Dealing With In-laws

November 21, 2008

I deem myself experienced enough to hold forth on the subject.  So if you are looking for help, let me know if the following works.

1. Your spouse/parents/sister/brother may be an angel to you.  But not necessarily as an in-law.  So you cannot force love when there is none deserved.

2. Just getting married into a family does not make you part of the family.  You have to work towards it.  Even after working on it, if you are not allowed to belong, do not worry.  The family does not deserve you.

3. You may have known someone all your life.  But their spouse may know them better than you do.  So live with it.

4. Crying does not make you an innocent and snapping back does not make you a villain.  So try not to provoke and try not to offend.

5. If you feel you were treated unfairly, then do not give them another chance to treat you unfairly again.  Keep your distance.  But be polite and kind.  Being sarcastic and waiting for opportunities to retaliate will not make you any more endearing.

6. If you are visiting on a holiday, please respect and understand that it is a holiday for your host also.  Or you may be on vacation while your host may be working.  Do not take them, their time, place or generosity for granted.

7. Respect one’s home.  You may be asked to feel at home.  But it does not make it your home.

8. A home is a place where one de-stresses.  So if you are a guest, try not to stress out your host.

9. When you want to use something of your host’s, it is only polite to ask to use the same.  The host is going to say yes even if they did not want to.  But they will be happy doing it because you respected them enough to ask.

10. Do not jump, rush and try to show yourself in a better light by intruding in a couple’s life.

11. If you have an agenda, there is nothing wrong.  But do not manipulate and pretend that the agenda was made for the other’s benefit.

12. After you have forced somebody to spend a lot of money for your amusement, do not call them close-fisted.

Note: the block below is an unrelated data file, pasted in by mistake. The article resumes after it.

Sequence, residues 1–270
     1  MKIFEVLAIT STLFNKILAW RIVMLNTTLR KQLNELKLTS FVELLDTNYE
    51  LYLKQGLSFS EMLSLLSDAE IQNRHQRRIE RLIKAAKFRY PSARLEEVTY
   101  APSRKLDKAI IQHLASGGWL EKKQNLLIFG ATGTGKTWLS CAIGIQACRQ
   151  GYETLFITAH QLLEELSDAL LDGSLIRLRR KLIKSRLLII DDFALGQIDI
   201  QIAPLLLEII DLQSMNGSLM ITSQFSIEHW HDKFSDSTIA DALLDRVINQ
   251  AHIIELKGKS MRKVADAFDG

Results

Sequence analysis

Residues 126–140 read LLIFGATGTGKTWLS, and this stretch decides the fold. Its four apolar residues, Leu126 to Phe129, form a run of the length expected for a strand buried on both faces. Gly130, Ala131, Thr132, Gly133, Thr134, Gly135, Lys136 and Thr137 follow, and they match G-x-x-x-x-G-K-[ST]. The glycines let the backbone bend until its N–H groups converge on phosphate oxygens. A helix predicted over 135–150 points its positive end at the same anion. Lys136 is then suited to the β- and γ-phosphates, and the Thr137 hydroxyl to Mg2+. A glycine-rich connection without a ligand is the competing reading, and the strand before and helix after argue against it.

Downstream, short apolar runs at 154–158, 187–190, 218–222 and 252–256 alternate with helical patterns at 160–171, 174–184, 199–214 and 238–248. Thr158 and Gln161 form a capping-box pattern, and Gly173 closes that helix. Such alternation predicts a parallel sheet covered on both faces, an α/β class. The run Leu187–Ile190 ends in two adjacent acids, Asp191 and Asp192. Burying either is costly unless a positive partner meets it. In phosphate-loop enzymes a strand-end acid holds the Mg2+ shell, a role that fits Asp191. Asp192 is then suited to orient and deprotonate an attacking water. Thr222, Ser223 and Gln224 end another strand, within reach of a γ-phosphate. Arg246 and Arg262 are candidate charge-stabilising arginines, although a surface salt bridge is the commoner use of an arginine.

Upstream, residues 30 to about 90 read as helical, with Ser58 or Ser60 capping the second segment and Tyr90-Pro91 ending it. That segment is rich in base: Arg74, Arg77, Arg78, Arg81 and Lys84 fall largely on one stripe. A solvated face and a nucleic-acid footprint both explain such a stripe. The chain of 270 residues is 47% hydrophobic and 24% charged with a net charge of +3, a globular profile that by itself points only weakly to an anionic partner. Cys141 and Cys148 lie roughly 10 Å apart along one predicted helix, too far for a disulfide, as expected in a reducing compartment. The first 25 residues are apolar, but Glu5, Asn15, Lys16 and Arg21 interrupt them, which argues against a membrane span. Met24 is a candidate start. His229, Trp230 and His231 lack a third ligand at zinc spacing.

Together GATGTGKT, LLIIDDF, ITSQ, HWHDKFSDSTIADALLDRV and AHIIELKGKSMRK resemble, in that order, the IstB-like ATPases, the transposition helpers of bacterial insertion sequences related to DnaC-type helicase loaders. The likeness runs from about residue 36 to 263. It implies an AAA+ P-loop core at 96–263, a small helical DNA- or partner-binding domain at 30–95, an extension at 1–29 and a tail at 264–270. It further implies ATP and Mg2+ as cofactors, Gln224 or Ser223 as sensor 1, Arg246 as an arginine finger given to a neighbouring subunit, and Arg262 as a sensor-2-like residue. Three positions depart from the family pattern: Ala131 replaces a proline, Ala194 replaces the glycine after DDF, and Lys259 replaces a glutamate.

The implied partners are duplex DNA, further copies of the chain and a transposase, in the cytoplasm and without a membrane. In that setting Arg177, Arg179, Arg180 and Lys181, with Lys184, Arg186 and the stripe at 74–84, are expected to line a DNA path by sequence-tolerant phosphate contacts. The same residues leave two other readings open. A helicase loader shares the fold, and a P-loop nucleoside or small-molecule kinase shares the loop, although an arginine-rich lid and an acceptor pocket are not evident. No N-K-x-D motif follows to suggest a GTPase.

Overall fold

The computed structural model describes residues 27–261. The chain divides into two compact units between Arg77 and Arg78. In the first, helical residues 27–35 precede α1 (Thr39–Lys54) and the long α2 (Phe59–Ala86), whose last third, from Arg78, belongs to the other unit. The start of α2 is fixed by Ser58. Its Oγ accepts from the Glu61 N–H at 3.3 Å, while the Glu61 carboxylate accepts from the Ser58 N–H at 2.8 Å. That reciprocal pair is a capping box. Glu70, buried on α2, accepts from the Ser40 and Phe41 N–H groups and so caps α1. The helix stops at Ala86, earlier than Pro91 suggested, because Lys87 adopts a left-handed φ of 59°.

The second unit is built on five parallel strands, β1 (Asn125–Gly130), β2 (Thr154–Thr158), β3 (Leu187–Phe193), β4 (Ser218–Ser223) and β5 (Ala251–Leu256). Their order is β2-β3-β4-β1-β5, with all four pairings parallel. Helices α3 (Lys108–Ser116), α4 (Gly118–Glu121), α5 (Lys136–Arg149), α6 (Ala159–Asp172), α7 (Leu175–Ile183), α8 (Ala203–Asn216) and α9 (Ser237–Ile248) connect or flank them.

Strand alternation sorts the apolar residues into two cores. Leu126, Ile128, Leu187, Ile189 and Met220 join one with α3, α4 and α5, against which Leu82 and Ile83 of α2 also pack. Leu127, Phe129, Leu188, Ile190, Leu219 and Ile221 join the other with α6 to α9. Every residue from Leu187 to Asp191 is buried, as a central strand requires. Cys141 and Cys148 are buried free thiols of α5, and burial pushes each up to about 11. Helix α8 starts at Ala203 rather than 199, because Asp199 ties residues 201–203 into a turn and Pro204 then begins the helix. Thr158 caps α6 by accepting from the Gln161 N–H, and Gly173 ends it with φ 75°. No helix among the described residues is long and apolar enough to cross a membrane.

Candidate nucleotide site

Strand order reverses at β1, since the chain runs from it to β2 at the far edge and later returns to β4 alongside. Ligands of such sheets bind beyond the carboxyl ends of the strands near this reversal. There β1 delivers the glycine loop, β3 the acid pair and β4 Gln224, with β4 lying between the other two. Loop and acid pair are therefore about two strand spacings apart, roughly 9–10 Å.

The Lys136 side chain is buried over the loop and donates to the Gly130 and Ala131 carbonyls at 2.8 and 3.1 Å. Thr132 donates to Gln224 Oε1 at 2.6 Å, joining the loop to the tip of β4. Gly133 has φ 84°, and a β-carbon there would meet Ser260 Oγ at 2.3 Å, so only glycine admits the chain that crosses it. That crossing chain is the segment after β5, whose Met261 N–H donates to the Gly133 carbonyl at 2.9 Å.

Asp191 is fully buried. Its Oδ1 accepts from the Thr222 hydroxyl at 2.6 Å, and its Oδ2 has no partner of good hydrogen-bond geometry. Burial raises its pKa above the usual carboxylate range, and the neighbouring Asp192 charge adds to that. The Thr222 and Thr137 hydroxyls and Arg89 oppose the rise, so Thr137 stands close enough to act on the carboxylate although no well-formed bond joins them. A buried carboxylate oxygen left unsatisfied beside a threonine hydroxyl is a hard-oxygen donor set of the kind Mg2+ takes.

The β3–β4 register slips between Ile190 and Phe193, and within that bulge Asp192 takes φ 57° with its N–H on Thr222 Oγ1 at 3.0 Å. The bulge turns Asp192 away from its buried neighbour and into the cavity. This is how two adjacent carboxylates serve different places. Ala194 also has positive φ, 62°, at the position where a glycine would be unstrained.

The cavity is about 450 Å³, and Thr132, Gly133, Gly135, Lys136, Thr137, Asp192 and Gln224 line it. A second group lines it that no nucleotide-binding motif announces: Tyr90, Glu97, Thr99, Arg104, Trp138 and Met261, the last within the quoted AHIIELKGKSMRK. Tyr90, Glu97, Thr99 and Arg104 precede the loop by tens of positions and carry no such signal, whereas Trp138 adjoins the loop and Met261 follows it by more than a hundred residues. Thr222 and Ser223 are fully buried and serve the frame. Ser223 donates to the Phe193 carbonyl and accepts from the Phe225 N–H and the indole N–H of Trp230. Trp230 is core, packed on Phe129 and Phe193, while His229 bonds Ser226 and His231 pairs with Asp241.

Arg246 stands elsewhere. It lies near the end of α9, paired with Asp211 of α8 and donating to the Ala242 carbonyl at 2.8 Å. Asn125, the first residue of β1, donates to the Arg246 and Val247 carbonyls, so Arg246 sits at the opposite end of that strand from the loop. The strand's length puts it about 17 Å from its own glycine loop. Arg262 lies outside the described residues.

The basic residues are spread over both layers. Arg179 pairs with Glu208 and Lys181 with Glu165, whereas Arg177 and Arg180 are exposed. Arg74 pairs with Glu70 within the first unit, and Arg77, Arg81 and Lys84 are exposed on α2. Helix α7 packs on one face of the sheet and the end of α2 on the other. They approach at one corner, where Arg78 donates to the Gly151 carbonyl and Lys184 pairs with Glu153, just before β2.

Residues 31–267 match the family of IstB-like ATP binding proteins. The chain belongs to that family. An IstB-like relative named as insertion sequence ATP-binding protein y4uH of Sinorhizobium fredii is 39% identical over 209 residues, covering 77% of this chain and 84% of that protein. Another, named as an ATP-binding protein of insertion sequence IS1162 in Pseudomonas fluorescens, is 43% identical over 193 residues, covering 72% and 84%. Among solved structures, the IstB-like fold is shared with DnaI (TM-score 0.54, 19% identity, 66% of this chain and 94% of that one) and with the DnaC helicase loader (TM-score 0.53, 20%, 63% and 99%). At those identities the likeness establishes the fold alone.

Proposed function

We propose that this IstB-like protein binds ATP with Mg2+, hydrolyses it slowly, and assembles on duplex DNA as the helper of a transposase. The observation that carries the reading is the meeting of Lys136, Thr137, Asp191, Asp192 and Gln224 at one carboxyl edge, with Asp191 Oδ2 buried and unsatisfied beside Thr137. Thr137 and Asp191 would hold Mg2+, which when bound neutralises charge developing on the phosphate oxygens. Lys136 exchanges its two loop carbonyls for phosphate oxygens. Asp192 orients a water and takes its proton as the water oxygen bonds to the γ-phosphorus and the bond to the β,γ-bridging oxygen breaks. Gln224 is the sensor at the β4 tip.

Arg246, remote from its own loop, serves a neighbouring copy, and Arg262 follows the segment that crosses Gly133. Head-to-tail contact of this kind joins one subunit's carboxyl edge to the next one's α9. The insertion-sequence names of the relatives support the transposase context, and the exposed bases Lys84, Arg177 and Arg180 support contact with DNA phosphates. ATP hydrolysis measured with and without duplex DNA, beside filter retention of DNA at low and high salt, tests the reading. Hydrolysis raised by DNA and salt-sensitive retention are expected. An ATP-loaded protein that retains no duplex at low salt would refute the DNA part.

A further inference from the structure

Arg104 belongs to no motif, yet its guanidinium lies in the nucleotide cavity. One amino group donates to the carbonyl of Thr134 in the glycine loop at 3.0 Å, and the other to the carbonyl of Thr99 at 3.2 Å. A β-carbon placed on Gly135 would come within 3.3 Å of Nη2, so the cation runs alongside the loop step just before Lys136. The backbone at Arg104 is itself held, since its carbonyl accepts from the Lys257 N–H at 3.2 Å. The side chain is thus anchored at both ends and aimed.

13. After you have spent somebody else’s money, do not call yourself generous.

14. If you want to run a home, run your own home.

15. If one has idiosyncrasies about one’s own home and space, respect that it is their right and wish to do whatever in their own home.  If you have idiosyncrasies of own, your are welcome to indulge in those, in their home, only if you do not trespass on their space.

16. Your advise is invaluable.  But it may not be wanted.  So please refrain yourself.

So I will refrain myself, for now.  But before I sign-off, just think about it.  I started off about dealing with in-laws in specific.  But it broadened into treating people in general.  After all in-laws, me and you included, are people.  It does not take a genius to figure it out.  Just treat them as you would a stranger in this civilized world.  Distant, polite, kind and with a smile.  No more, no less.

Is that too much to ask?

***UPDATE  While on the topic, here is an article that hits the nail right on the head: http://www.tellinitlikeitis.net/2008/06/how-to-get-along-with-the-in-laws-dealing-with-in-laws-and-extended-family.html.

Things That Ring Me Off

November 21, 2008

Here is a list of things that tick me off when it comes to phone conversations.

1. You call.  I am busy.  I make time for you.  I make a conversation and you do not listen to a word I say.

2. I call.  You are busy.  But you make time for me anyway.  I make a conversation.  You do not listen to a word I say.

3. I call.  You are not busy.  I make a conversation.  You are carrying on a conversation with somebody at your end.  I realise I should get off the phone.  I say maybe I should let you go.  You say, no, no.  You make a conversation.  I respond and you continue the conversation with somebody at your end.